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Discussing the underwriting sector at a time of significant change

Every insurance professional knows that each new year brings with it both new opportunities and challenges, but at the dawn of a new decade, no section of the profession may see as big a change in their day-to-day role as underwriters in the next 10 years.

Mandy Hunt, Chartered insurer and advisory board member of the newly launched Society of Underwriting Professionals (SOUP), says it is vital that the industry evolves, but feels that fundamental skills, temperament and judgement will be as crucial as ever.

“Automation, artificial intelligence and data are all beginning to have an influence on the sector in different ways. It is transformational and we are only at the start of that journey. We have to embrace it,” says Ms Hunt.

“The reality is that technology can complement what we do, and we have to find ways to work with it for everyone’s benefit.

“Spaces are now appearing where we can use automation and data to make decisions. But it is important we use it in the right way and keep customers at the heart of those decisions,” she says.

Ms Hunt is chief underwriting officer at RSA Commercial, encompassing all lines of business including property, casualty, motor, marine, construction and engineering. She brings 30 years of experience to the board of the SOUP – the new professional body dedicated to those working within the underwriting sector, aiming to support members at every stage of their career.

“For someone entering the profession now, data analytical skills are undoubtedly going to be important,” says Ms Hunt. “But for me, there are other attributes that are critical.

“The first is curiosity. In almost every role we have across the profession, asking questions, listening to customers’ needs and analysing situations will get us a hell of a long way in resolving some of the issues we face.

“Secondly, we should never lose sight of soft skills and, certainly in the commercial sector, insurance is still very much a people business. When you consider how complicated our processes and data can be, our challenge is to explain it clearly to a customer at the end of that process, which is vital.”

I hope insurance is somewhere people can have a long and fulfilling career and a profession that continues to be a truly valuable part of society


For Ms Hunt, the launch of the new Society came at a perfect time in her career after she had returned from three years as managing director (MD) of the Insurance Corporation of the Channel Islands.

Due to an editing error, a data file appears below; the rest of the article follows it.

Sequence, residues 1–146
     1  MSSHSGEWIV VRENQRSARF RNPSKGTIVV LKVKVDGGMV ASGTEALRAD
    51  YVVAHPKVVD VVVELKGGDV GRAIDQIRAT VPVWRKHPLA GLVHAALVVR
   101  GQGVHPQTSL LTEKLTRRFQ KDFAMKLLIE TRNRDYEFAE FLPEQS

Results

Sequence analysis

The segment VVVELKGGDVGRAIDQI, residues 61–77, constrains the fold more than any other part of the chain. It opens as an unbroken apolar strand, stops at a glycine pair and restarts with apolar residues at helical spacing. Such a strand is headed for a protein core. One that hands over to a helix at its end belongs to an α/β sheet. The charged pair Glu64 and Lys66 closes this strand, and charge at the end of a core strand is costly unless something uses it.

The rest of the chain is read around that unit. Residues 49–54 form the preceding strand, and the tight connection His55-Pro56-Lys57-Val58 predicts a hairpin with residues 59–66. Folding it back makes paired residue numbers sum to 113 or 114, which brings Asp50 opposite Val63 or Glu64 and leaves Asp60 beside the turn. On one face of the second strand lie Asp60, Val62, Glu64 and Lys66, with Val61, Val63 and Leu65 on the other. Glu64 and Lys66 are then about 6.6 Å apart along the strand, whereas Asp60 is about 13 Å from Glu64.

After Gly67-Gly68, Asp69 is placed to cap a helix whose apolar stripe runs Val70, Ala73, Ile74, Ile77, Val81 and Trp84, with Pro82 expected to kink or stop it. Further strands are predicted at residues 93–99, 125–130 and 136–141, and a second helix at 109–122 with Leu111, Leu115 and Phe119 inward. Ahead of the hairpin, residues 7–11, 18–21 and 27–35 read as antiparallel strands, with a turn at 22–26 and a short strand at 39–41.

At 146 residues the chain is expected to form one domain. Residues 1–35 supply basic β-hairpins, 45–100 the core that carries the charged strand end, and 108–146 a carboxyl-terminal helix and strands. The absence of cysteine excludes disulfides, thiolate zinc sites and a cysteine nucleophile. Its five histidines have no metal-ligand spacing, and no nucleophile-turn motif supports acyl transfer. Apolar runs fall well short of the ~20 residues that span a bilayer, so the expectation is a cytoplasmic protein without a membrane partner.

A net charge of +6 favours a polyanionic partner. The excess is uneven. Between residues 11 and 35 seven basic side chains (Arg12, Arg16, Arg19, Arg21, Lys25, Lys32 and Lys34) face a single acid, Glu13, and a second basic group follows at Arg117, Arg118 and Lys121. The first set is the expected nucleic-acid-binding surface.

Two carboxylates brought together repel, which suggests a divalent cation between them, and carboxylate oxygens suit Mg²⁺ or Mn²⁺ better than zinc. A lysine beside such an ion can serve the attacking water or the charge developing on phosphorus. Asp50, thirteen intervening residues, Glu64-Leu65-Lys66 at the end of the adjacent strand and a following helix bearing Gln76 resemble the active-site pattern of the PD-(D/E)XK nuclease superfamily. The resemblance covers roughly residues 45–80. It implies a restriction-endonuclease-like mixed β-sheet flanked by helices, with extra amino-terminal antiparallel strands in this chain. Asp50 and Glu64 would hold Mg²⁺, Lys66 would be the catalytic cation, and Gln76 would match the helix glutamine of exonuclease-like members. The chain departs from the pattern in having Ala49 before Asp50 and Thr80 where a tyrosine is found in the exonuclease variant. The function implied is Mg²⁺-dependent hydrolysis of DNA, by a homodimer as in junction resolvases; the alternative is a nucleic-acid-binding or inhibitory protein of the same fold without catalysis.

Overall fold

“I had an amazing experience in the Channel Islands. I was very lucky to be MD of a subsidiary insurance corporation, during which time we achieved Chartered insurer status – something I am still incredibly proud of.

“Seeing once again how committed people are to the profession first-hand, it focused me on how I could influence the next wave of talent and I felt it was time for me to think about giving back,” she says.

The CII has recently announced the launch of the new Chartered insurance underwriting agent title, which will be awarded to qualifying individual members and firms, something Ms Hunt is particularly positive about.

“We are very excited about the new Chartered underwriting title – it is really powerful. We are a big provider of delegators in the managing general agents’ space and have been for a number of years, so I am really keen to support that.

“The Society wants to speak to the masses, so people at the start of their career and more advanced in their profession can equally engage with us in a valuable way.

“Different professionals collaborating, bringing ideas together and offering guidance will bring great benefit to the sector,” says Ms Hunt.


The core purpose of the CII is to build public trust, something Ms Hunt feels is vital to the profession.

“Public trust is something we have to have at the heart of what we do, to make sure our customers are well served. We need it, ultimately,” she says.

“Look at the recent UK floods – people are in their hour of need and the industry has a massive role to play. We need to help customers understand the value of what we are offering and give them the confidence that we will support them when the time comes.”

And in 2020 and beyond, what does Ms Hunt hope for the future of insurance?

“I hope we continue to be a powerful force for good,” she says. “We have products and services that the public needs and we must offer them in the most professional way possible.

“I want ours to be a profession that people value. In insurance, the opportunities are immense – you can go places and see things that you would never otherwise see. I hope insurance is somewhere people can have a long and fulfilling career and a profession that continues to be a truly valuable part of society.”


Ms Hunt began her insurance career at Willis as an account handler in 1990, before moving to Lambert Fenchurch to become a claims manager


She joined RSA in 1998 as senior development underwriter, progressing through liability and property roles before becoming regional manager


Ms Hunt was chairperson of the Surrey Ladies Hockey League, helping it grow from three leagues to 12 and encouraging more women into the sport

Luke Holloway is editor of the CII


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